green tax policies.

Fueling the Fire: Pathways from Oil to War

International Security: What role does oil play in international security? While the threat of “resource wars” over possession of oil reserves is often exaggerated, the sum total of the political effects generated by the oil industry makes it a leading cause of war. Between one-quarter and one-half of interstate wars since 1973 have been connected to one or more oil-related causal mechanisms. Eight distinct mechanisms exist: resource wars, in which states try to acquire oil reserves by force; petro-aggression, whereby oil facilitates domestic political control of aggressive leaders such as Saddam Hussein or Ayatollah Ruhollah Khomeini; externalization of civil wars in petrostates; financing for insurgencies, such as Iranian oil money to Hezbollah; conflicts over potential oil-market domination, such as the United States’ conflict with Iraq over Kuwait in 1991; control over transit routes, such as shipping lanes and pipelines; oil-related grievances, whereby the presence of foreign workers in petrostates helps extremist groups such as al-Qaida recruit locals; and as an obstacle to multilateral cooperation, such as when an importer curries favor with a petrostate to prevent multilateral cooperation on security issues. Understanding these mechanisms can help policymakers design grand strategy and allocate military resources.

Sunday, November 17, 2013

President’s son offers Equatorial Guinea’s national team a bonus of $6,7m if they beat Spain in friendly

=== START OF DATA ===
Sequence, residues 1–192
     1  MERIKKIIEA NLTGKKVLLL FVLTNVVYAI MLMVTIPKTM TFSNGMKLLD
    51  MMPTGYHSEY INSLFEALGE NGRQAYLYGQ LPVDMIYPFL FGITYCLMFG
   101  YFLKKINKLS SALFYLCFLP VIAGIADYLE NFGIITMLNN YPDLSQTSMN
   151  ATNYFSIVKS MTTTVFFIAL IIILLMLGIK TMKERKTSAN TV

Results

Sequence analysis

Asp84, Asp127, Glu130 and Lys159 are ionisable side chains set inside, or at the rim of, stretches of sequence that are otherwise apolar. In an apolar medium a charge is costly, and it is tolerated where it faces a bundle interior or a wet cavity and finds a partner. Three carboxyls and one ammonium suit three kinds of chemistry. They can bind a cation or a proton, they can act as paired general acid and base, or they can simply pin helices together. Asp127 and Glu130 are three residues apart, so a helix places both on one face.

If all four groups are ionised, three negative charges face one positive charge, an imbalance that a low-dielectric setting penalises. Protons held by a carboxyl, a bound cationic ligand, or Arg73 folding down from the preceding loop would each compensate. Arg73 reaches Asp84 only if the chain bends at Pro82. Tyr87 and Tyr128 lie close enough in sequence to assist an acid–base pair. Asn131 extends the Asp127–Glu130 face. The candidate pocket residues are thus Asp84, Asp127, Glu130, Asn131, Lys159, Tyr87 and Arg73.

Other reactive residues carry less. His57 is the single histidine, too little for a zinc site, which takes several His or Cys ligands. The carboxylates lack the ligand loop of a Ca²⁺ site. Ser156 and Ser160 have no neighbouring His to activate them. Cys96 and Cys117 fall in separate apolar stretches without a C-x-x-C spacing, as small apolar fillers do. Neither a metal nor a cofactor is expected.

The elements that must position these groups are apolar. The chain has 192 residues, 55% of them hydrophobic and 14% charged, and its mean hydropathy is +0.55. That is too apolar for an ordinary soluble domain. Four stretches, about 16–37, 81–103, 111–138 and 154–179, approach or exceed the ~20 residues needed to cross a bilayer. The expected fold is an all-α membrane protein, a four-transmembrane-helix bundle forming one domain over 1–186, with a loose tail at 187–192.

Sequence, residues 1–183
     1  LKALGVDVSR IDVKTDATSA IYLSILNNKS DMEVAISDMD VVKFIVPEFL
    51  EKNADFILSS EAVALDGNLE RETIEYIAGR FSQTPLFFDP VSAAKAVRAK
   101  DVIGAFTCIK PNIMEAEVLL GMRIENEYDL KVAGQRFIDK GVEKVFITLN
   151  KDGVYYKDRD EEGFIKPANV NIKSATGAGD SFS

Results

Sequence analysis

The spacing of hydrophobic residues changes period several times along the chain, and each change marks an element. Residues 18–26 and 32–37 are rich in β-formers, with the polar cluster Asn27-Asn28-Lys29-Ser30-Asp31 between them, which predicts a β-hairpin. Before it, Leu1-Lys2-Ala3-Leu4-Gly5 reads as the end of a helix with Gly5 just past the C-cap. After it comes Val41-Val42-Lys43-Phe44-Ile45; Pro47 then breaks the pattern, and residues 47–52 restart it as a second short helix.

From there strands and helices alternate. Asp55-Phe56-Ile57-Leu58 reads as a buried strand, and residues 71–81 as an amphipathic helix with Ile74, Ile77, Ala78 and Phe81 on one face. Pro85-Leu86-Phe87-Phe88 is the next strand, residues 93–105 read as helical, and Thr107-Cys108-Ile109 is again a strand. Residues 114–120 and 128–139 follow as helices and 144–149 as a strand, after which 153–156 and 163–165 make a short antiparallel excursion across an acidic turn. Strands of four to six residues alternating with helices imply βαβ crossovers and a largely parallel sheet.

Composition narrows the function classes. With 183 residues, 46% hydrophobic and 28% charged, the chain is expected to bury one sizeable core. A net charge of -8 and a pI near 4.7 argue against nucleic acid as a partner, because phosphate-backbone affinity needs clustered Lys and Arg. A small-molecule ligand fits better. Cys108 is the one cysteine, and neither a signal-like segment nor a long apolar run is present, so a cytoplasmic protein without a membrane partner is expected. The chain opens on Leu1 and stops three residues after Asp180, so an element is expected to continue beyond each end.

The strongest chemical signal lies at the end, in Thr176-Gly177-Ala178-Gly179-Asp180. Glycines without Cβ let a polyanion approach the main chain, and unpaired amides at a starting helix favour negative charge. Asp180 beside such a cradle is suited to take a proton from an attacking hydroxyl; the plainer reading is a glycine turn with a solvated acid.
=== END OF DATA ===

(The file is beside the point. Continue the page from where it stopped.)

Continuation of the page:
Africa is a country: El Mundo now reports that Equatorial Guinea’s only TV station (owned by Teodorin, the President’s son) announced he had told the head of the national football federation that he’d give a bonus of €5 million to the national team if they beat Spain. Of course this would all come out of the government’s budget which the Obiangs treat like their personal bank account. We wonder what he’d offer the team if they win an actual competitive match (he offered €751,265 to the team if they beat Libya in a first round African Cup of Nations tournament match in January 2012). But we also think Teodorin might be bluffing given Spain’s current position in world football against that of Equatorial Guinea–ranked 119th by FIFA. In any case, this is not the first time, Teodorin has acted like the public purse is his private bank account. Just google his name. One Blog listed at least nine of the bizarre things he’s paid with the people’s money (these include: Michael Jackson’s “Bad Tour” glove, a 16th century gold vermeil elephant once owned by Yves Saint Laurent, renting a $700,000 yacht to throw a party for his former rapper girlfriend Eve, houses, expensive cars and a Gulf Stream jet.) To that we can add the record company that produced no music, white tigers he rented for a party (!), 15,000 DVDs (a Guardian reported calculated that’s about 41 years worth of watching films), rugs for his Malibu house ($59,850), and spending $1 million during a night of partying in Cape Town. This is who is hosting Xavi, Iniesta, Sergio Ramos and Casillas et al, for a game on Sunday.